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Orioles beat writer Eduardo A. Encina talks about the teams decision to shut down catcher Matt Wieters with elbow tendinitis. (Kevin Richardson/Baltimore Sun video)

Matt Wieters prefers to call the Orioles' decision to sideline him from catching in games for a week with right elbow soreness more of a "slow down" than a "shut down."

Even though the Orioles catcher was shelved one day after making his Grapefruit League debut on Tuesday, nine months to the day when he had elbow ligament reconstruction surgery, Wieters said he didn't see the move as a setback.

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"It was more the body telling me to slow down so we don't have that setback," Wieters said Friday. "That was more [it] than anything. We've done a lot to it in the span of nine months and nine months was always the quickest possible scenario to get into a game. … We put a lot of work into nine months of straight rehab and I think my body was telling me, 'OK, we've done a lot of hard work, let's take a breather' and just let everything settle down a little bit."

Losing a week of playing time raises the question as to whether Wieters will be ready for Opening Day on April 6 in Tampa Bay, but Wieters said the move is more of a speed bump than anything that should prompt greater concern. His arm is sore, but it is strong. His legs feel good underneath him after catching six innings three times over four days. Even though he's struggled at the plate this spring, he's confident the hits will come.

"We thought the rest would be useful," Wieters said. "We really don't see it as a setback. We just needed to slow things down a little bit and let the body kind of heal on its own as opposed to trying to force through everything. … It feels like it's (already) calming down a little bit and I think the rest is probably just what I need."

Wieters was going to be the Orioles' designated hitter in Sunday's game so he could continue to get at-bats — he's 0-for-23 in Grapefruit League play — but manager Buck Showalter said Friday that Wieters would not be in the lineup that day.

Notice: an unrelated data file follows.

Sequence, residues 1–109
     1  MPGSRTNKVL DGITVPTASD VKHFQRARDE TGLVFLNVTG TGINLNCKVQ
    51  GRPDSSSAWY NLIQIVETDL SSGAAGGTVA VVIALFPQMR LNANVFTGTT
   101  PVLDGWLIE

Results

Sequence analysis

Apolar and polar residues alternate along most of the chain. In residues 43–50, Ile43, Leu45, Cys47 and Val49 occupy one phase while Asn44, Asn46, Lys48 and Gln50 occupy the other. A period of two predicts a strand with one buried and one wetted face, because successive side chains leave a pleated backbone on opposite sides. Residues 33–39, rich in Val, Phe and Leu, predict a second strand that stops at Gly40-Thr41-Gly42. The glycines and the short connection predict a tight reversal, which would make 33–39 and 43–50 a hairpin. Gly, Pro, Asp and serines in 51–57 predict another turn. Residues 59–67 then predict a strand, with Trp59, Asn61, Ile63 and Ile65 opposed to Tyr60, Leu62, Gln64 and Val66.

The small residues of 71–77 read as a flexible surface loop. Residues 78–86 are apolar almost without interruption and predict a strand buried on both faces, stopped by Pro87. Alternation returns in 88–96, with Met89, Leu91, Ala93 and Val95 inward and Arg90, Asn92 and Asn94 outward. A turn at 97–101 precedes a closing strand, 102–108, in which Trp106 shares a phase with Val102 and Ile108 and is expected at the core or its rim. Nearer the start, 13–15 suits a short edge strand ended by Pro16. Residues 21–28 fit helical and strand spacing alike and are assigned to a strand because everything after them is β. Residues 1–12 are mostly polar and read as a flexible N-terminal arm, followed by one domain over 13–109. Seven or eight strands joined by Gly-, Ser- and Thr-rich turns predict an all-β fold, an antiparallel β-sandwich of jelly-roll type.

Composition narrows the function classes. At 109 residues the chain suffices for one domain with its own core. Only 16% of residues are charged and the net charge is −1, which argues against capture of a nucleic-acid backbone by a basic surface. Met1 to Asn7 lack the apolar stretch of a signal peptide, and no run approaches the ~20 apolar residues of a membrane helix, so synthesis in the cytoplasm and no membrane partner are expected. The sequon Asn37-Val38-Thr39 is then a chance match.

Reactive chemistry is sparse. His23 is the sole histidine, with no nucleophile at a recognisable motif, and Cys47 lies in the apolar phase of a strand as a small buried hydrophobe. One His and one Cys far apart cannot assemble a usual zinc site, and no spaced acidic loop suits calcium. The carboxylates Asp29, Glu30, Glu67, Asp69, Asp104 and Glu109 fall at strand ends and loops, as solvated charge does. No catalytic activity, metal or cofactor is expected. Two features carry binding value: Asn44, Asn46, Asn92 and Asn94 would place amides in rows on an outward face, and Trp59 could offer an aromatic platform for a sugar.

"I'd just rather it all quiet down. It's not worth it," Showalter said of playing him Sunday. "We've got to start looking at this thing as week to week instead of day-to-day. I don't think it is healthy for Matt's mentality because he is such a pleaser. It will happen at some point."

Wieters said the soreness he experienced after his Grapefruit League debut on Tuesday was no different than the soreness he felt throughout his throwing progression and said he went into the trainers room Wednesday thinking nothing of it. But after trainers conferred with Dr. James Andrews, who performed Wieters' surgery on June 17, the Orioles decided to rest Wieters for a week.

"It wasn't really a different feeling," Wieters said. "It was more of just kind of a little bit of fatigue that I had been feeling throughout the whole time that we'd push through and it was nothing that we were really worried about hurting it. It was more about it being healthy and strong as quick as possible."

Orioles closer Zach Britton said he believes Wieters will be back behind the plate before long.

"It's like anything," Britton said. "You come in here and throw after not having thrown for a while, you have to kind of fall back into place. He hasn't thrown a ball in a long time and going into game action is a lot different. He doesn't sound too worried. … I don't think we're too worried and we have a lot of time left. I think if anything, he's going to be back quick."

Wieters said he will test the arm on Wednesday and would hope to get into a game after that.

"I think the hardest thing is when you come in each day, I'm trying to test it out each day and that doesn't allow it to get the most rest," Wieters said. "I really thing the best decision was being able to shut down the mental side of trying to test it every day and see how it is and now we can just let it sort of relax after a week and see where we're at."

Wieters will still play catch every day and because of that, said he won't need to have another throwing program before returning to games because he's already built up arm strength.

"That's the thing," Wieters said. "That's why it's not a complete shutdown. We're going to keep throwing. We're just going to try to keep stress or anything like that off the elbow so we're not doing (throws) with high intensity. We're going to try to keep the arm in shape so that when we're back and ready to go, the arm strength should still be where we left off at.

"The strength is there to play in the game. Now it's just a matter of letting everything kind of settle down and let my elbow tell me when I'm ready to get back there behind the plate."

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Before Wieters returned he spent two weeks practicing throwing to bases at full exertion and in the days before his first Grapefruit League game, his throws to second base were clocked and his times were comparable to when he was healthy.

In overcoming the losses of Nelson Cruz and Nick Markakis to free agency this offseason, the Orioles are banking on a healthy return of Wieters and third baseman Manny Machado (right knee surgery) from injury as well as a comeback season from first baseman Chris Davis. Davis hit just .196 and missed the end of the season.

Whether Wieters is ready for Opening Day or needs more time to return, the Orioles want to ensure he will be healthy for the entire season when he does come back.

"Kind of just let him go at his own pace because we want him back for the whole season," Britton said. "It's not as important to have him on Opening Day as it is to have him at the end of the year. We want him to just take his time."

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